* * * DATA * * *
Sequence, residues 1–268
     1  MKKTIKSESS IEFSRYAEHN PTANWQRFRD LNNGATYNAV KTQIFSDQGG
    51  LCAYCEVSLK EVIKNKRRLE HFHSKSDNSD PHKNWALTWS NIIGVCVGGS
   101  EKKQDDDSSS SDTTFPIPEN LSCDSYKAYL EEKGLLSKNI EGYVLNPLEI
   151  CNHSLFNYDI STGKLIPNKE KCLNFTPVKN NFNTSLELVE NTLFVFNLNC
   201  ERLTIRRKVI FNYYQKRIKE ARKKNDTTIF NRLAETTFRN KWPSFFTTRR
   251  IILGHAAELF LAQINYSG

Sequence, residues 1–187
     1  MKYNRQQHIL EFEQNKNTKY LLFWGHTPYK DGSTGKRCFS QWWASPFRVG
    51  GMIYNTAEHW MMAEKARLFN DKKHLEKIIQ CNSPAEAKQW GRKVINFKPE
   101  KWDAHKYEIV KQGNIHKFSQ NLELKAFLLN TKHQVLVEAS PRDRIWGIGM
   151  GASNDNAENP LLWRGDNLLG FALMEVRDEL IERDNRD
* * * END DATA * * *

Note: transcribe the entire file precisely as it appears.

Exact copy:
Sequence, residues 1–268
     1  MKKTIKSESS IEFSRYAEHN PTANWQRFRD LNNGATYNAV KTQIFSDQGG
    51  LCAYCEVSLK EVIKNKRRLE HFHSKSDNSD PHKNWALTWS NIIGVCVGGS
   101  EKKQDDDSSS SDTTFPIPEN LSCDSYKAYL EEKGLLSKNI EGYVLNPLEI
   151  CNHSLFNYDI STGKLIPNKE KCLNFTPVKN NFNTSLELVE NTLFVFNLNC
   201  ERLTIRRKVI FNYYQKRIKE ARKKNDTTIF NRLAETTFRN KWPSFFTTRR
   251  IILGHAAELF LAQINYSG

Sequence, residues 1–187
     1  MKYNRQQHIL EFEQNKNTKY LLFWGHTPYK DGSTGKRCFS QWWASPFRVG
    51  GMIYNTAEHW MMAEKARLFN DKKHLEKIIQ CNSPAEAKQW GRKVINFKPE
   101  KWDAHKYEIV KQGNIHKFSQ NLELKAFLLN TKHQVLVEAS PRDRIWGIGM
   151  GASNDNAENP LLWRGDNLLG FALMEVRDEL IERDNRD